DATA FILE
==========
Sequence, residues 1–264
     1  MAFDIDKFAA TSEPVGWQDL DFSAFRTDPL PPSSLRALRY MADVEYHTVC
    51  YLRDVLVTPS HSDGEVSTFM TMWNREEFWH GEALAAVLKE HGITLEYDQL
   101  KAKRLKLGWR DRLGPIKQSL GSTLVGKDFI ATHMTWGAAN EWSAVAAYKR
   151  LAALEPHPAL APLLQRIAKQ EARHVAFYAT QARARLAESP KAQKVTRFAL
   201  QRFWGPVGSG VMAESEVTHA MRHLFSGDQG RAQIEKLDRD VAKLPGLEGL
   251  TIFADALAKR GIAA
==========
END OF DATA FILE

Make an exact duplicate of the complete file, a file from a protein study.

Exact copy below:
Sequence, residues 1–264
     1  MAFDIDKFAA TSEPVGWQDL DFSAFRTDPL PPSSLRALRY MADVEYHTVC
    51  YLRDVLVTPS HSDGEVSTFM TMWNREEFWH GEALAAVLKE HGITLEYDQL
   101  KAKRLKLGWR DRLGPIKQSL GSTLVGKDFI ATHMTWGAAN EWSAVAAYKR
   151  LAALEPHPAL APLLQRIAKQ EARHVAFYAT QARARLAESP KAQKVTRFAL
   201  QRFWGPVGSG VMAESEVTHA MRHLFSGDQG RAQIEKLDRD VAKLPGLEGL
   251  TIFADALAKR GIAA